Key questions from the session answered for you
Adrian Gonzalez (AG): What is a digital transport document, and how is it different from a paper document?
Gerry Daalhuisen (GD): It’s a common misconception that digital documents are simply pdf versions of print documents. A true digital transport document offers a lot more than that.
Digital transport documents enable all parties in the supply chain to access and collaborate on the electronic version of the document in real time so that they can share and enrich information in the document at each step throughout the process and have a single overview for all the parties involved. The output can be saved as a pdf file, but the real advantage is collaborating on the same piece of information, enriching the information available to all parties in each step, and using it to your advantage in the process.
AG: What types of digital documents are being offered today?
GD: At Transporeon, we have recently launched a product called Digital Transport Documents. It’s a module that can be used as a container to work with all kinds of logistics documents in a digital form. The first document we’ve delivered since April is e-CMR – the electronic consignment note. e-CMR replaces the paper consignment note that has been used in Europe since 1956.
The e-delivery note will be added next, and we’re also looking into a cleaning certificate (a typical document in the Chemical industry), as well as some customs and tax documents.
AG: Are digital document solutions universally recognised and accepted in different countries and regions?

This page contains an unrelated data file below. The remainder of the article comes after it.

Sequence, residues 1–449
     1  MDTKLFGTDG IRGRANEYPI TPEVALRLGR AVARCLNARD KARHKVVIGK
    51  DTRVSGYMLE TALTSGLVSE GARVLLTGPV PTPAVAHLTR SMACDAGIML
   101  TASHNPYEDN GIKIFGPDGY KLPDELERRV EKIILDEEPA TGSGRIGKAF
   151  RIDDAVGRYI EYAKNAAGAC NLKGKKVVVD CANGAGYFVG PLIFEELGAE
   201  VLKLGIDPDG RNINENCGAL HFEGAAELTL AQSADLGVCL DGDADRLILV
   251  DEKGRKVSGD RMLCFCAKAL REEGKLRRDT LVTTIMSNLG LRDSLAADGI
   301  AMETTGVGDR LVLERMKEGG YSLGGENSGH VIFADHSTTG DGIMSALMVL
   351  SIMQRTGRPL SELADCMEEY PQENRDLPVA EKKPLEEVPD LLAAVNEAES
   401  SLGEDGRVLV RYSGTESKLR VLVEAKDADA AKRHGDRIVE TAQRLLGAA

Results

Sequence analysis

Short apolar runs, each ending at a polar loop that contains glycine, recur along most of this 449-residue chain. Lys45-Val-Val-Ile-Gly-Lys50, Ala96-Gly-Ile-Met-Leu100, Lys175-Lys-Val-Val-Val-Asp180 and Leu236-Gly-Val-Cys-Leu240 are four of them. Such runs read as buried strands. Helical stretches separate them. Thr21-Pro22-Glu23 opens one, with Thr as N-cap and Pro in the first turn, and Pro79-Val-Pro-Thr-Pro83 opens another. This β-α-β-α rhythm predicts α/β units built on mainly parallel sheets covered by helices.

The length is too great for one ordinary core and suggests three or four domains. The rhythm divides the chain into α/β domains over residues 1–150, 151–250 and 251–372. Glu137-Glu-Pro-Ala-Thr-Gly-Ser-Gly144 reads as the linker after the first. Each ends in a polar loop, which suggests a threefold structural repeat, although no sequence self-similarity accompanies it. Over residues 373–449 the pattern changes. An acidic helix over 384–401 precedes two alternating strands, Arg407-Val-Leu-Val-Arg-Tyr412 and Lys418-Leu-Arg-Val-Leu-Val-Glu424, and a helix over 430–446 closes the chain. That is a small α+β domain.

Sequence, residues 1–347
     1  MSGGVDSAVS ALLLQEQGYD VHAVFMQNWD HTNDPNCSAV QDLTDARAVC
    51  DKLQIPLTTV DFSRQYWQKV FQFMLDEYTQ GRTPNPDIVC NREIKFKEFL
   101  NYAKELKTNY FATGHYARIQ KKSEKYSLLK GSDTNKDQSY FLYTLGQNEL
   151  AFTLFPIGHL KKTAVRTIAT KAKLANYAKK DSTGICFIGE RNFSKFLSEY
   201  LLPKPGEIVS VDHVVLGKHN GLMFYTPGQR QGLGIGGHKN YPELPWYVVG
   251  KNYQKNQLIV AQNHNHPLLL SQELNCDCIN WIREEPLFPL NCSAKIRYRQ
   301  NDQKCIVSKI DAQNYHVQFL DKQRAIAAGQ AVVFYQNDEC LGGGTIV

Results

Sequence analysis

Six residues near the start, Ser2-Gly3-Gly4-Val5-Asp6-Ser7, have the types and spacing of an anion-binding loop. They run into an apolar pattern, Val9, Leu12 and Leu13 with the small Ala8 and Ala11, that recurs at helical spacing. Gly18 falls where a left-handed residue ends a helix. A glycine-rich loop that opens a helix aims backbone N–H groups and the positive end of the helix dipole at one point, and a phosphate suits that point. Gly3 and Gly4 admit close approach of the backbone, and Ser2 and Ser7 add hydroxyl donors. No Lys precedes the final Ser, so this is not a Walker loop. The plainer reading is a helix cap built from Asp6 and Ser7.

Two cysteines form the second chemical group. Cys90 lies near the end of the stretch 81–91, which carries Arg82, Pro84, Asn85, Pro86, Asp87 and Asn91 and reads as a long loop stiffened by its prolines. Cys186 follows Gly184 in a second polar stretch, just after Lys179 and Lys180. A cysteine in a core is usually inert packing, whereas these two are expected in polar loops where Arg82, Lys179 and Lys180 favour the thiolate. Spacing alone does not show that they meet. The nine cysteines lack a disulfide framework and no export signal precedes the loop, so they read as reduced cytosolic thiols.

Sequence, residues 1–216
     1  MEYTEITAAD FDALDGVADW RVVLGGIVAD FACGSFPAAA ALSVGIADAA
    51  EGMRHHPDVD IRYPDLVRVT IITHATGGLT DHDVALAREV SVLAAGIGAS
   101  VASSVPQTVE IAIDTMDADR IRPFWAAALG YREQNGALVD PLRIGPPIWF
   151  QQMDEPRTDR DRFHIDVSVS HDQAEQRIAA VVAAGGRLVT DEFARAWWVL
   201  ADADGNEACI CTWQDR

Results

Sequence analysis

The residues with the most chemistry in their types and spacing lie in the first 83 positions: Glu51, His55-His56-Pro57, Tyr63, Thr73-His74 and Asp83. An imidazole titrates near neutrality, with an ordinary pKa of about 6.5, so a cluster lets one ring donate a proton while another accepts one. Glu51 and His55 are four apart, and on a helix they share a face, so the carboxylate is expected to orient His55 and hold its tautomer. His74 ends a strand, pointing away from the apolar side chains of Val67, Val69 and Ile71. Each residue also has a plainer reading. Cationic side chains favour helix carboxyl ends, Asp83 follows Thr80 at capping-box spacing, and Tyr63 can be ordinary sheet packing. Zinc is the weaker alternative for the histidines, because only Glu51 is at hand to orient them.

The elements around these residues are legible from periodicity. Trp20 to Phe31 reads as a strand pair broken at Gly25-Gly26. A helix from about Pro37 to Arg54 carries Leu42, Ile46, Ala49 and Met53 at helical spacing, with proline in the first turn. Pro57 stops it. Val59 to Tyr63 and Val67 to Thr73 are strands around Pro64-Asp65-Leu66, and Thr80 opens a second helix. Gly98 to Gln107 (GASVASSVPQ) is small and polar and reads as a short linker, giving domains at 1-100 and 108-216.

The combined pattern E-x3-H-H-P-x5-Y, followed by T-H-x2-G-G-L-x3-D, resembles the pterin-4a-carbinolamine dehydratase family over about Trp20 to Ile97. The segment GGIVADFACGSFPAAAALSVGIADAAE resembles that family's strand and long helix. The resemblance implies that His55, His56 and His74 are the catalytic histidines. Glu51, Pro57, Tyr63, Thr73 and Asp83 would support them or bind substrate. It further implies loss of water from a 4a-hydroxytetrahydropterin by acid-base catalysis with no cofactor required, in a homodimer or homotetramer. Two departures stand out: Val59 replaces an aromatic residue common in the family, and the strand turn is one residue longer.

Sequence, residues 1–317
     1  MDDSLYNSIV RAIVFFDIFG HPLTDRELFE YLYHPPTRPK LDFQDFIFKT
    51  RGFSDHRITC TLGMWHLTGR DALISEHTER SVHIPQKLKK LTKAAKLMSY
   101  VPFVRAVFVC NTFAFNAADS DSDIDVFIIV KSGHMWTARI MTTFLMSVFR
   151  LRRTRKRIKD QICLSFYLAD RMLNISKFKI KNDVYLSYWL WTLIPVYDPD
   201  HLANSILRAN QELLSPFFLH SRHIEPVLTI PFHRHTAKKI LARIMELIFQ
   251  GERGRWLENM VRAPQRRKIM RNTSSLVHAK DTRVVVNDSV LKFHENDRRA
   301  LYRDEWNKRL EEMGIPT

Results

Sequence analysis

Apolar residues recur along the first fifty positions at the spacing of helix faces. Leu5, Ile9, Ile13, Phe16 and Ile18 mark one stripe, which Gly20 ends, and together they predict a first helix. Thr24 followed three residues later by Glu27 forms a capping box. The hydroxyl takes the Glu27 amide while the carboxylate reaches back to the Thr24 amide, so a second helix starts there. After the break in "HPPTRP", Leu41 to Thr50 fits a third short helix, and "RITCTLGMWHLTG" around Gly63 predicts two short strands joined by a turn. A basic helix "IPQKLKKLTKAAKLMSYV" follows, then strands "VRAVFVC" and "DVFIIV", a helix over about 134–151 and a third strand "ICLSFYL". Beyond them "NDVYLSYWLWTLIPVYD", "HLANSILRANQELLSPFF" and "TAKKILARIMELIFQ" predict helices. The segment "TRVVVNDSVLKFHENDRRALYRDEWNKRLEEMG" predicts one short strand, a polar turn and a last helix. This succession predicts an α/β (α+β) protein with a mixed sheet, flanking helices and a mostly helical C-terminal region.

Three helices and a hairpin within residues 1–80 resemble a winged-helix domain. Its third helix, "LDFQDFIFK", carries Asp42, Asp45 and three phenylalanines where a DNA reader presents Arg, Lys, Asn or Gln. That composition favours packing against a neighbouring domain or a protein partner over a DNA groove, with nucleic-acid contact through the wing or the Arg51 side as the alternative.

GD: It depends on the type of document and the domestic regulations in each country. We initially started with e-CMR because it follows a ratification process recognised by all the countries currently using the paper CMR. From 2026, all the countries in the European Union will be accepting the e-CMR. Right now in Europe, almost every country has ratified e-CMR, and the remaining countries are expected to ratify by 2026.
And that provides a good background to get started. Acceptance is coming, and that means that the infrastructure is being built up. Then, adoption comes into play.
AG: Is sign-on-glass considered an authorised digital signature?
GD: The European Commission advises following their regulation that states that a digital signature must be logically linked to the person who signs the document. With sign-on-glass, that information is not available – but there are solutions for this, such as using a username and password to identify the person who has signed the document, or using a QR code with a two-factor PIN code sent to a mobile device to identify people securely using multi-factor authentication. Telematics inside the driver’s cabin or data from self-service kiosks at the yard entrance can also be used for this purpose.
"With a document like CMR, the average time spent on creating the document is 20 minutes. When you move to a digital version of it, you can save 15 minutes. So, 75% of the time that you would normally spend on a paper document can be saved and used elsewhere."
AG: What are the primary benefits of implementing a digital document solution for businesses and the logistics industry?